VW Property Investments v National Westminster Bank plc [2016] EWHC 378 (QB)

The argument that interest rate hedging products were wagers had been dealt with by compromise agreement in this case. In previous court decisions, however, the argument had been held to have no real prospect of success anyway.

Background

Between 2004 and 2010 VW Property Investments (VW) borrowed money from National Westminster Bank (NatWest). Over the same period, the parties entered into four interest rate hedging contracts (the Hedging Contracts) and one swap agreement (the Swap). Each contract and the Swap had a market value at day 1 in favour of NatWest i.e. Natwest had a more favourable chance of benefitting from the agreements. The Hedging Contracts were intended to limit VW's exposure to fluctuating interest rates by fixing the rate of interest on VW's loans. However, the Hedging Contracts later proved disadvantageous to VW and advantageous to NatWest.

In 2014, the Hedging Contracts were reviewed pursuant to a Review Agreement NatWest entered into with the Financial Services Authority. The review resulted in NatWest offering VW compensation of £420,000. VW accepted NatWest's offer and signed a compromise agreement in 'full and final settlement' of any claim arising from the sale of the Hedging Contracts. However, the compromise agreement reserved VW's right to claim for 'additional losses' under the Interest Rate Hedging Product Review (IRHPR).

The Swap was also examined by NatWest, but it concluded that it had complied with applicable standards and that no compensation payment was appropriate.

The claim

VW issued a claim against NatWest for additional losses on the Hedging Contracts and the Swap. Amongst other things, VW alleged that:

  • The Hedging Contracts amounted to contracts for differences and accordingly were to be characterised as wagers at law; as the market value at day 1 was not disclosed or of equal uncertainty to both sides, the Hedging Contracts were voidable and NatWest was liable in damages;
  • NatWest breached an implied term that it would not manipulate LIBOR rates; and
  • NatWest owed VW a tortious duty of care in connection with the manner in which it conducted the IRHPR.

VW sought damages of £1,176,668.82.

The judgment

The Judge held that the claim in respect of the Hedging Contracts had been compromised in the agreement entered into by the parties. The claim could only concern the Swap.

The Judge noted that the claim regarding the wager issue had been raised previously without success on three occasions by different parties in other proceedings, all of which resulted in the Court of Appeal rejecting applications for permission to appeal. The Judge referred to the test set in the case of Morgan Grenfell v Welwyn Council which provides that an interest rate swap agreement is not a wager where at least one party entered into the contract for a genuine commercial purpose. It was held that VW had no real prospect of success in respect of this argument.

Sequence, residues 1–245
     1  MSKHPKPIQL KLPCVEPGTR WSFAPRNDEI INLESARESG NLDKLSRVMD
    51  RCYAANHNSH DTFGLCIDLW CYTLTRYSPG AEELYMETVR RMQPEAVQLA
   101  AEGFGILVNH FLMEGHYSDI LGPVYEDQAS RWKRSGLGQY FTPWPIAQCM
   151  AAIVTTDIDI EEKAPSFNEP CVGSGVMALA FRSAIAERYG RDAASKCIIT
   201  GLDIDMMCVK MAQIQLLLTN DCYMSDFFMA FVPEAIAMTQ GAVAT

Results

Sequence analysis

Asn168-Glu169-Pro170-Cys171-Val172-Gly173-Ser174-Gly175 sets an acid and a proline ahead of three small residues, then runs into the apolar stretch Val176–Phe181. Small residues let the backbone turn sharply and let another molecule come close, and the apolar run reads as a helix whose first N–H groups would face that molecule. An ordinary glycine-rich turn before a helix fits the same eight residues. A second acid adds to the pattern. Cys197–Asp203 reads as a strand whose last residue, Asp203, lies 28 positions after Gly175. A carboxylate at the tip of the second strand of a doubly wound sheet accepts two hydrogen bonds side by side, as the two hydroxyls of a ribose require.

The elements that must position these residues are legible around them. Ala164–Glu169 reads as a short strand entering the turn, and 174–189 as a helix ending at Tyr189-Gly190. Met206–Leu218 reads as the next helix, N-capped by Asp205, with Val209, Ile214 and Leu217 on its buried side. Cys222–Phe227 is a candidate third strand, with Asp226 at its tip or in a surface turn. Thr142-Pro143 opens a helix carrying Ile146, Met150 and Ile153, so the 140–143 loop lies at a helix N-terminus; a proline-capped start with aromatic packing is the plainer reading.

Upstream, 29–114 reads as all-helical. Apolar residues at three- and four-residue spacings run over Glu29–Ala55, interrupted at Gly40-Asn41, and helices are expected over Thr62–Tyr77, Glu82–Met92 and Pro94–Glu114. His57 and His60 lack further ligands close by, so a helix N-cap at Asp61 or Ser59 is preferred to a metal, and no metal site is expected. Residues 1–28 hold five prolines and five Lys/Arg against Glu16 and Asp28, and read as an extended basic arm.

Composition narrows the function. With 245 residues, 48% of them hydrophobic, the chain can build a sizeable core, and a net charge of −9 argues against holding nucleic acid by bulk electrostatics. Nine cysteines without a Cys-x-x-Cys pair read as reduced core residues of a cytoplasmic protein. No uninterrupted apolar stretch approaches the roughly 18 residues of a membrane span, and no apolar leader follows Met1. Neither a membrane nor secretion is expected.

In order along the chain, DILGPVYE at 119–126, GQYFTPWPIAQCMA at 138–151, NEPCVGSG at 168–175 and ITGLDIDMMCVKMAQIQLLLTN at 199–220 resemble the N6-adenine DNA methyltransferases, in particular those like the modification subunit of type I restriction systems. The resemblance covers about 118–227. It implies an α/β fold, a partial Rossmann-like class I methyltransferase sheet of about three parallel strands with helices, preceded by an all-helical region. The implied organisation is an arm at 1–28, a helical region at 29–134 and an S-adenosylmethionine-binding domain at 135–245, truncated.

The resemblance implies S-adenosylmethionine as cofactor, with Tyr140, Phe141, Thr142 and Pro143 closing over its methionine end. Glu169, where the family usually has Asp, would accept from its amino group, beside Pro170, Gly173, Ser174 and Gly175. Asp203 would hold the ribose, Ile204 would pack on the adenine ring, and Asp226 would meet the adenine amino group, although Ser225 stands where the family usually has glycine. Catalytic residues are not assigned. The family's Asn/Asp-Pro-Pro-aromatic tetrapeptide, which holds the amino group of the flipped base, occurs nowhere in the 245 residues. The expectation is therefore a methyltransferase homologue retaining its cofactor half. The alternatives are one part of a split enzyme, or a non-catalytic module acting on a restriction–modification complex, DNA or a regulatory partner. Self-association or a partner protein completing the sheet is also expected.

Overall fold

VW's case in respect of manipulation of LIBOR rates was described as incoherent with no real prospect of success. The only LIBOR rate applicable to VW's borrowing was £ sterling (GBP) and VW had made no allegation that NatWest was manipulating the GBP LIBOR. The claim in respect of breach of duty was described as 'wholly incomprehensible as pleaded'. As a result, the VW's claim was struck out in its entirety.

Comment

The judgment emphasises the importance for financial institutions to ensure that, when offering compensation for defective products, that:

  • Any offer of compensation is subject to the customer entering into a compromise agreement; and
  • The terms of the compromise agreement are sufficient to withstand the risk of further litigation arising from the sale of the product.

The case also serves as a useful reminder of the test to be applied when determining whether an interest rate swap agreement can be classified as a wager. The judgment noted that the argument that 'swap' contracts were unenforceable due to being wagering contracts had already been raised unsuccessfully on a number of occasions by other parties.

Although the previous decisions were not binding, the Judge stated that he was not entitled to ignore previous, highly persuasive decisions of the court. The result was that the attempt to raise the same wager argument was held to have no real prospect of success.